Two weeks ago, researchers at NYU published new findings on how objects move against a current, identifying the mathematical explanation for how some manage to navigate an unexpected path.

Concurrently, at the annual HLTH conference in Las Vegas, health care disruptors presented their bold visions for transforming the field, which often requires movement up stream.

Mark Cuban announced his bets to disrupt today’s incumbents, including moves to manufacture and sell drugs as a private benefit corporation in order to combat price gouging. Flying in the face of today’s power brokers, he stated, “you don’t have to be THE leader to be a leader.” Meanwhile, Walmart’s Marcus Osborne, VP of Health Transformation, described a future in which the retail giant sidesteps today’s health care delivery systems by providing all basic services, from women’s health to dental — and even printing dental crowns on demand while we shop. And where customers can access behavioral therapy for $1 per minute.

While HLTH explored nearly every health care pain point, real-world evidence (RWE) was a hot topic, with a few stand-out examples of organizations who are truly moving the space forward. 

FDA is shaping a new data paradigm
Most notably, Amy Abernethy, M.D., Principal Deputy Commissioner of Food and Drugs at FDA, spoke to the agency’s plan to issue data standards. Right now, FDA is working on the forthcoming Technology Modernization Action Plan (we recently covered it here), which will focus on building the agency’s technical infrastructure and processes — an effort that will take 12-18 months to execute. 

Dr. Abernethy said a data plan would be their “stage two” effort to inform the creation and collection of quality medical data. She believes that once FDA defines what high quality data looks like, medical devices, electronic health records (EHRs), and other forms of data collection will follow suit. 

“We need to provide advice on data quality. When used for medical product review, it reverberates across the entire health care system, providing CMS, other payers, health systems, and clinicians an understanding of what high quality data looks like, Dr. Abernethy said. FDA has emerged as a leader among both U.S. and global government agencies in defining what constitutes high quality real-world data (RWD) — and we’ll be watching closely as these standards develop and sharing updates with you. 

Pharma is using RWD to impact clinical care
Lidia Fonseca, Pfizer’s Chief Digital Officer, presented a bold view for the role of data in decision-making, admitting that to date, digital changes have been incremental, with modest results. She shared a commitment to bigger change ahead, describing the data imperative as their “biggest”: “We need to unlock the value of the data that we have…so we can deliver it as insights, so people can make better decisions — whether its a patient, or a regulator. We need to make it available at the right time, so it can drive better and faster decisions.” 

During an afternoon where buzzwords such as “ecosystems” and “blockchain” were easily thrown about, her ideas were grounded in practical reality. She described an algorithm their team developed in partnership with a payer, to identify which patients might benefit most from a drug for a rare disease. They’re now working with integrated delivery networks to incorporate the algorithm into EHRs to make it available at the point of care.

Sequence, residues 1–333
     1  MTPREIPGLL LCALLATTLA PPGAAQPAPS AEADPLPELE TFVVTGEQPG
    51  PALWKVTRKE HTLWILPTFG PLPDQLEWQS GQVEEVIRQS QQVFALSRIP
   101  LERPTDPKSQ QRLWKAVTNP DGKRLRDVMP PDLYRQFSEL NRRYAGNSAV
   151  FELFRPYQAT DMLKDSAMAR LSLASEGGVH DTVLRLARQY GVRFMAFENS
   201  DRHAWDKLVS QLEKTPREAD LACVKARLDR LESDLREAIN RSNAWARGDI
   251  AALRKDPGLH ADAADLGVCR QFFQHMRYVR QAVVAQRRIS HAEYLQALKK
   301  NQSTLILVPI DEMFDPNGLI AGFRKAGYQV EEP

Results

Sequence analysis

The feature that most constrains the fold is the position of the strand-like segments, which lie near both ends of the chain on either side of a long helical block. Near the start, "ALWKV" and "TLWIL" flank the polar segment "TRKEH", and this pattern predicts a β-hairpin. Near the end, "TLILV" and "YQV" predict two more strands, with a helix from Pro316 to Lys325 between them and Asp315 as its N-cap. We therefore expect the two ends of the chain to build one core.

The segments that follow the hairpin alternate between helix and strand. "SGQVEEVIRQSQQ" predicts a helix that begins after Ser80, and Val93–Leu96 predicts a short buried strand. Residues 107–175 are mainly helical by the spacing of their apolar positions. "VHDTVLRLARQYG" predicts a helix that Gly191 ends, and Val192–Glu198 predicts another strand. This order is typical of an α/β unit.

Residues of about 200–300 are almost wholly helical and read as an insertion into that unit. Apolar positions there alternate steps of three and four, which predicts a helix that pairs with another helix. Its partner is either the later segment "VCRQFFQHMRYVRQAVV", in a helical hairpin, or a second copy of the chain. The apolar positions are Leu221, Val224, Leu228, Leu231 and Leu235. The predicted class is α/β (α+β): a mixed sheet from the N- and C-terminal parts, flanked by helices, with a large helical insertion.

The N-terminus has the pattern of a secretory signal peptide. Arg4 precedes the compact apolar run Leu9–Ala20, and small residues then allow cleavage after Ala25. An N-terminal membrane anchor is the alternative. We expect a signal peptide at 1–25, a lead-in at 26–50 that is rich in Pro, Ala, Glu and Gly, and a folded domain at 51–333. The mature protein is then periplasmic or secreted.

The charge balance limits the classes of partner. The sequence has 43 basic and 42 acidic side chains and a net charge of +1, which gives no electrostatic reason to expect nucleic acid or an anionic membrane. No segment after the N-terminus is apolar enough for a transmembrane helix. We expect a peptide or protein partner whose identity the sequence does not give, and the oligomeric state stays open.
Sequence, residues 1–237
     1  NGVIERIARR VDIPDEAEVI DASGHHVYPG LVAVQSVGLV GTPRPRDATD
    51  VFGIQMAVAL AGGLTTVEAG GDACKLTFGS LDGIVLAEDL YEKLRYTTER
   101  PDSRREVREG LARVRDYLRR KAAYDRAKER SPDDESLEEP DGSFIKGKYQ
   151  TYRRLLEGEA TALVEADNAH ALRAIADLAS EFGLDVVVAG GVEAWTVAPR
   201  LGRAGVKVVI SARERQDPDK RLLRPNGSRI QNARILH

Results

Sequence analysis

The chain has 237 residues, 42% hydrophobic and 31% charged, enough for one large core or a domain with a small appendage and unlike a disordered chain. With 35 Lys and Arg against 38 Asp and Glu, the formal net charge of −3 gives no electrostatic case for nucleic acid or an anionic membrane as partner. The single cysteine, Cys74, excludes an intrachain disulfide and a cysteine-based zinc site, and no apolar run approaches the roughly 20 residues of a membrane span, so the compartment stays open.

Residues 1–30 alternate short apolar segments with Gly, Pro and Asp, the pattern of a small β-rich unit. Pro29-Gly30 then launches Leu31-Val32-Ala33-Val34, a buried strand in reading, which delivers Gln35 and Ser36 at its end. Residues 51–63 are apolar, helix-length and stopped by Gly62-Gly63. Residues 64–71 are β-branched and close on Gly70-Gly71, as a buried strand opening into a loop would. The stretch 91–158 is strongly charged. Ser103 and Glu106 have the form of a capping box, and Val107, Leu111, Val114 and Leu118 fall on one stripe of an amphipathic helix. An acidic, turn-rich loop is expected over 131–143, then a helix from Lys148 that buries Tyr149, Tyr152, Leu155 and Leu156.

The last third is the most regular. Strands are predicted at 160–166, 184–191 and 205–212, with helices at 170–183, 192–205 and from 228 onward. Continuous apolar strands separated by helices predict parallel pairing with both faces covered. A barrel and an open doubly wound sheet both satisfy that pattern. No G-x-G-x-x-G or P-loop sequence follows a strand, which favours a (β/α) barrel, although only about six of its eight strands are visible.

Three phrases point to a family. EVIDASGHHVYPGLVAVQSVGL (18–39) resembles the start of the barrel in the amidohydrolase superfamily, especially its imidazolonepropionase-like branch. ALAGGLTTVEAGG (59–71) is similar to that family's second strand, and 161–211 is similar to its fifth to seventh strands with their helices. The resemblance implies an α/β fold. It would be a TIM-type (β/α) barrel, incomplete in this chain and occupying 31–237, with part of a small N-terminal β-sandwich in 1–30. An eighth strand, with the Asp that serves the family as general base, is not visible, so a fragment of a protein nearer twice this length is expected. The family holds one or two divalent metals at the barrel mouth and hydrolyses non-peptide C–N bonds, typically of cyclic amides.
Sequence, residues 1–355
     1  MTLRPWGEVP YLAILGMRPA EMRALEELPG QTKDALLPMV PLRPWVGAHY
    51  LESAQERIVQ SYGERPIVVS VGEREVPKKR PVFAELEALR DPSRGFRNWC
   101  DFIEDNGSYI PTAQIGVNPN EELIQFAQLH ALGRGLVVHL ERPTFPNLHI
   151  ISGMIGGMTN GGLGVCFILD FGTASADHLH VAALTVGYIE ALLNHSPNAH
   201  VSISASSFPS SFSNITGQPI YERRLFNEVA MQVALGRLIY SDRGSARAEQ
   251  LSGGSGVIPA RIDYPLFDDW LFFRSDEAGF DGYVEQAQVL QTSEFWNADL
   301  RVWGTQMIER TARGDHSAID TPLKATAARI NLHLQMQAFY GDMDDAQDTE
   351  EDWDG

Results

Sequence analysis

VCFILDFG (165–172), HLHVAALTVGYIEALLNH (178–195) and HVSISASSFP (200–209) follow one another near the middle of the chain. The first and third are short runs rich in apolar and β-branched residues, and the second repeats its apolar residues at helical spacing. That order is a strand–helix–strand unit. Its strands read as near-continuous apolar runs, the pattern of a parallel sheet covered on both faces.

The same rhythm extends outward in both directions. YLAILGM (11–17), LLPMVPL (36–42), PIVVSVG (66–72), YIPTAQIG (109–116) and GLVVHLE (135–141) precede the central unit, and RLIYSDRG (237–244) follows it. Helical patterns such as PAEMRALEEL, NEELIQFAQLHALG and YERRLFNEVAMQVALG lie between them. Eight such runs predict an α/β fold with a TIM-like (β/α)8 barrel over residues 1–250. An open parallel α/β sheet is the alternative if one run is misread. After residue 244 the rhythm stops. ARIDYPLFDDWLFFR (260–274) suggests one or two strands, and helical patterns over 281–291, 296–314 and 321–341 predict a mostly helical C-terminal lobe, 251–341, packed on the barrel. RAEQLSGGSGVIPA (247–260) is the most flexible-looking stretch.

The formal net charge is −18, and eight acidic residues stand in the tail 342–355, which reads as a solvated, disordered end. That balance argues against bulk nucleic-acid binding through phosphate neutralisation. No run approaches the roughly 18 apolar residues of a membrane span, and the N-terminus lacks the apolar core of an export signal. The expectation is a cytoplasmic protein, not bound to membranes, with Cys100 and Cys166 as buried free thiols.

On a separate panel, Chris Boone, Lead for Global Medical Epidemiology & Big Data Analysis at Pfizer, spoke of their commitment to go beyond commercial applications of real-world evidence. He’s leading an effort to expand the use of RWE in the drug development process, with the recent Ibrance example as a signal of more to come.

The work of both Fonseca and Boone points toward the broad potential for collaboration across payers, providers, pharma, and regulators built on shared evidence derived from patient data sources.

Tech players are pushing what’s possible
In a session on the democratization of cancer care, panelists were united in their enthusiasm for RWE’s role to speed clinical discovery in oncology. Notable Labs co-founder, Matt De Sliva, described how the startup is using RWE to validate the use of genomics to predict outcomes in cancer treatment. They recently registered an observational trial on clinicaltrials.gov, in which they’ll match biospecimens with clinical data from 1,000 patients, to monitor changes in sensitivity to treatments, and correlate that with genetic biomarkers. It’s an exciting harbinger as we move toward incorporating genomics profiles as a standard source of real-world data. 

And in a session titled “Real world evidence for value-based care,” Aetion’s CEO, Carolyn Magill presented a bold commitment to science as a means of aligning stakeholders. In an environment where many talked about democratizing access to big data but few talked about how to derive insight, she shared a vision for using principled epidemiology and transparent processes to identify causal associations from large data sources. 

Magill provided an example of where we are today: “Two researchers have the same data set, and the same question, without a platform, they will likely come up with different answers.” As the use of real-world evidence for high stakes decision-making increases, it’s imperative that study sponsors provide transparency, record assumptions, and enable other stakeholders to replicate their research.

Advancing RWE’s use and impact across our health systems will demand new ways of thinking, and the ability to challenge the status quo. We invite you to share your own ideas for moving the field forward; we’d love to feature them here, please send to evidencedigest@aetion.com.